About this blogger:
Richard J. Clark has served since 1989 as Music Director and Organist at Saint Cecilia Church in Boston, Massachusetts. He is also Chapel Organist (Saint Mary’s Chapel) at Boston College. For the Archdiocese of Boston, he directed the Office of Divine Worship Saint Cecilia Schola. His compositions have been performed on four continents.
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"I am of the opinion, to be sure, that the old rite should be granted much more generously to all those who desire it. It’s impossible to see what could be dangerous or unacceptable about that. A community is calling its very being into question when it suddenly declares that what until now was its holiest and highest possession is strictly forbidden, and when it makes the longing for it seem downright indecent. Can it be trusted any more about anything else? Won’t it proscribe tomorrow what it prescribes today?"
— Pope Benedict XVI, writing in 1997

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Ascent to Freedom
published 5 July 2013 by Richard J. Clark

LL KINDS OF MUSICIANS, (especially church musicians) complain often of a lack of freedom. Yet it seems the greatest art pours forth from adversity. I have come to believe that true freedom does not rise from the capacity to fulfill all desires. Freedom is captivity, followed by battle, followed by faith, followed by wisdom and compassion as seen through the eyes of love. Of this struggle, true liberation is born.

PDFFree DownloadAscent to Freedom, III. If You But Trust in God to Guide You | Wer nur den lieben Gott, Tune: George Neumark, 1621-1681

This difficult understanding about the nature of freedom is the inspiration for my five-movement organ work, “Ascent to Freedom.” (Click here to preview/order the score and listen.)

As described by the “Boston Music Intelligencier”:

“… Its five movements are quite accessible, sometimes displaying a French influence. The last three movements made imaginative use of, respectively, the Lutheran chorale If You But Trust in God to Guide You, the spiritual Go Down, Moses, and the hymn How Can I Keep From Singing. There was some compelling musical illustration in the spiritual movement when tortured chromaticism and crunchy reed chords gave way suddenly to diatonic harmonies on the solo clarinet accompanied by string celeste: the effect was like a release from bondage.”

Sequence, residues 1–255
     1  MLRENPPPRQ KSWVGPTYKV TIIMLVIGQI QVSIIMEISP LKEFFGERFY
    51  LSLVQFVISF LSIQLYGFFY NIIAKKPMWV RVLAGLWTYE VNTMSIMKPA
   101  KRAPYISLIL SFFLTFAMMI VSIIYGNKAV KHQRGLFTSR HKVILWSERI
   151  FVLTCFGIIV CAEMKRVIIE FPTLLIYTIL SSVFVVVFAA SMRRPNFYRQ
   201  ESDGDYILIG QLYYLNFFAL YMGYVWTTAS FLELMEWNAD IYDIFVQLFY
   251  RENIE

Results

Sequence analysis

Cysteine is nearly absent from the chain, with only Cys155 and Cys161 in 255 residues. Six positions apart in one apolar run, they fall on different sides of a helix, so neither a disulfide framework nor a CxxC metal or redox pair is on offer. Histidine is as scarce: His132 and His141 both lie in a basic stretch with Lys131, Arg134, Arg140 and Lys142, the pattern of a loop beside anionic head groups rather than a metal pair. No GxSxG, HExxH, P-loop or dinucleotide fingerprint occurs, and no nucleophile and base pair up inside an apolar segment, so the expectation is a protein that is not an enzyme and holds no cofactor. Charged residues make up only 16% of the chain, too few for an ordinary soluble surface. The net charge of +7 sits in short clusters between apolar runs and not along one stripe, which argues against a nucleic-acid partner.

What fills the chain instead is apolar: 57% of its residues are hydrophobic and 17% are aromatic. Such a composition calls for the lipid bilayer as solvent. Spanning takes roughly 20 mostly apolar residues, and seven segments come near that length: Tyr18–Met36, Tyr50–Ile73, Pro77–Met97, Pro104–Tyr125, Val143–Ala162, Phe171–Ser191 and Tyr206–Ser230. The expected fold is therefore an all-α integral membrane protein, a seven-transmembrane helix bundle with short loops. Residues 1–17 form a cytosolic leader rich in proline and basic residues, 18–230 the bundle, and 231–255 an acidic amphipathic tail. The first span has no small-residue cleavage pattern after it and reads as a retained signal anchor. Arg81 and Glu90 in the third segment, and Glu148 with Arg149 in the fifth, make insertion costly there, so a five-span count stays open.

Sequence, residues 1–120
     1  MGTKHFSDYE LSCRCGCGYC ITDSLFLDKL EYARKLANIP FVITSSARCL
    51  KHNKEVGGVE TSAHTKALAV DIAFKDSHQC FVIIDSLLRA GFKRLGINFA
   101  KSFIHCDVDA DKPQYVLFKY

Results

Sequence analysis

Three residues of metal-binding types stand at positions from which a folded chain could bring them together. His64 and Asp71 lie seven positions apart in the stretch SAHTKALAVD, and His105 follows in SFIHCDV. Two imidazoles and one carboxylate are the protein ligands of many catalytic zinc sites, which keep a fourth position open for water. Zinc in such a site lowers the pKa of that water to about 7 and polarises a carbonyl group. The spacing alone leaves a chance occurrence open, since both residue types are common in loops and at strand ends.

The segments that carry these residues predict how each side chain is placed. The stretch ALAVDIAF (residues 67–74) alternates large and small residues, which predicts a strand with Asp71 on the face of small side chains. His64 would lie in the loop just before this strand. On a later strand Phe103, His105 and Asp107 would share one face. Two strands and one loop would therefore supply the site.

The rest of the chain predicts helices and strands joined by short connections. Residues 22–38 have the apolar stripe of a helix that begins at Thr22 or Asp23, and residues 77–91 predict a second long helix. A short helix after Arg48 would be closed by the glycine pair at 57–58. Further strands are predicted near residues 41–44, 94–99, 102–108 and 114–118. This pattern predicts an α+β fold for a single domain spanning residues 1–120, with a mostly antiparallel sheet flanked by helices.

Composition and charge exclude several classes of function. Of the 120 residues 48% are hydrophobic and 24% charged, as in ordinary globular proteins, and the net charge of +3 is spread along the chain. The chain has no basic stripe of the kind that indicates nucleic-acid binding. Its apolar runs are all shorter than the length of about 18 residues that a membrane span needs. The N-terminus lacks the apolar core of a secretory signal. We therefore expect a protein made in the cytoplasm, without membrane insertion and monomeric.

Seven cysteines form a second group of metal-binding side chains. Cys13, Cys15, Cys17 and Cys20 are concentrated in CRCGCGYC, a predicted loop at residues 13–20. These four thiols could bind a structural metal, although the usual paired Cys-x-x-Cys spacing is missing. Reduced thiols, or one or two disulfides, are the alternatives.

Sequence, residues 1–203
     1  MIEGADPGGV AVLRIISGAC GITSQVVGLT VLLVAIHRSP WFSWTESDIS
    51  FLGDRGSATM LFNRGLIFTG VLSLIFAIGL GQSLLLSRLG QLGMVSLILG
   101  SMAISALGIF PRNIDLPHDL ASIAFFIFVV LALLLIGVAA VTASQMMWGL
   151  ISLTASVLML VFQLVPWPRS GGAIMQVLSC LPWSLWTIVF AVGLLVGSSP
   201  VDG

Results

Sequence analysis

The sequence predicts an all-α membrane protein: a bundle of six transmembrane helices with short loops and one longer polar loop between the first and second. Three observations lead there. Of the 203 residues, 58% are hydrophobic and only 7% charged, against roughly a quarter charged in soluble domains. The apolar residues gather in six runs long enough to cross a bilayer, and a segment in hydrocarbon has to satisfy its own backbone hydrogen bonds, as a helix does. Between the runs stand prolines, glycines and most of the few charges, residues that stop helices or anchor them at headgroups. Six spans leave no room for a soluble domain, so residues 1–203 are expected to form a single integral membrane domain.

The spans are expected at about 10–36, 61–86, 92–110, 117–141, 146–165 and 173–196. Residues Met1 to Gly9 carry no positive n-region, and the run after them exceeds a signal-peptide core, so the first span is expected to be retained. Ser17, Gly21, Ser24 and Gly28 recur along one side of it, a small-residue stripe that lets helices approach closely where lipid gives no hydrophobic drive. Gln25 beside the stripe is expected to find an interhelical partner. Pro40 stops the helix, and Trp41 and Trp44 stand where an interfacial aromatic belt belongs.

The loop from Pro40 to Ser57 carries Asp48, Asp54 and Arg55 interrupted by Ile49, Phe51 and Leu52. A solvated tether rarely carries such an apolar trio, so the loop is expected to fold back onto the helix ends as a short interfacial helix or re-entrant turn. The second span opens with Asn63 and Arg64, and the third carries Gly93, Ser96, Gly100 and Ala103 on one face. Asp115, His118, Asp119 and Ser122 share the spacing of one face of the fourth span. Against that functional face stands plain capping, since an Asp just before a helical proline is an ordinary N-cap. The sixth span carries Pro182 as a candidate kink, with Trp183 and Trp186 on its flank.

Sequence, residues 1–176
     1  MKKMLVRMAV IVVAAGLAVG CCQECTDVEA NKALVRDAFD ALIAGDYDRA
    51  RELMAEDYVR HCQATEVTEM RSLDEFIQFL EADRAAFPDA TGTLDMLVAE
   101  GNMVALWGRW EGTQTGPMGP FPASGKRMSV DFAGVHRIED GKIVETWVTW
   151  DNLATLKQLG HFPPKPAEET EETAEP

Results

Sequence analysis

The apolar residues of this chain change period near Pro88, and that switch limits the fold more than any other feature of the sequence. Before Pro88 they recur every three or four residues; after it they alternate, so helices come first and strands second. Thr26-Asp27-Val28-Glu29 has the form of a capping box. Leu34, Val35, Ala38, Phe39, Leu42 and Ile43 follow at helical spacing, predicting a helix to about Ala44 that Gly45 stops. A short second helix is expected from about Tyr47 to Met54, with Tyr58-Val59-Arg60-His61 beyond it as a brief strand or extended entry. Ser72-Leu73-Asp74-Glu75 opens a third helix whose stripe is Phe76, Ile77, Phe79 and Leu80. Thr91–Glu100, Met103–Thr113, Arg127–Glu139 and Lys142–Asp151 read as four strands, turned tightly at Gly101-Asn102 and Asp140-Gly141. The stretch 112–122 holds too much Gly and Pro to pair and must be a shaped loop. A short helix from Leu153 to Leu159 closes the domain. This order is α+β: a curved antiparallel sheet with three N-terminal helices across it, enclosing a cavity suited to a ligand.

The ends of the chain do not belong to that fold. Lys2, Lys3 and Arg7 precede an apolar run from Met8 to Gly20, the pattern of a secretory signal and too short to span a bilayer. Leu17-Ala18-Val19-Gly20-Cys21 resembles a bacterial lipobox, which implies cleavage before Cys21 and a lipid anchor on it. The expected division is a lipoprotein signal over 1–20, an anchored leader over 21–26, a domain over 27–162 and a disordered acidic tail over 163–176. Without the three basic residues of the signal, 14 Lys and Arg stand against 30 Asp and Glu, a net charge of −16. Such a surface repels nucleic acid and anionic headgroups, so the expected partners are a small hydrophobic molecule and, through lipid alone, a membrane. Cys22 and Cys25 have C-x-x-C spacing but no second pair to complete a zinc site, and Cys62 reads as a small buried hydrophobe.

— The Boston Music Intelligencer
(Videos are from my live performance at the Cathedral of the Holy Cross in Boston, Massachusetts on the 1875 E. & G. G. Hook & Hastings, Opus 801.)
Ascent to Freedom
Video 1: I. Praeludium, II. Adagio e lamentabile
Video 2: III. Tranquillo e dolce, If You But Trust in God to Guide You
Video 3: IV. Moderato e spiccato, Go Down Moses, V. Adagio e cantabile, How Can I Keep From Singing?

Quite notably, “Ascent to Freedom” received its Russian Federation première in 2012 in the cities of Kislovodsk (Кислово́дск) and Yessentuki (Ессентуки́). It was performed by virtuoso organist Mark Husey, Director of Music and Liturgy at St. Peter’s Church in Columbia, South Carolina.

From the billboard concert poster above, “Восхождение к свободе” (“Ascent to Freedom”) is the big headline at the top above the Statue of Liberty. Organist, Mark Husey’s name in large letters is recognizable. My name reads as “Р. Кларк”! (R. Clark)

For those of us who grew up during the Cold War, a performance of an American work that celebrates freedom is something of which we could not conceive.

We must continue to work diligently for this freedom through our prayer, struggle, suffering, faith, wisdom, and through compassion. We are reminded that ultimately, this freedom comes from God alone.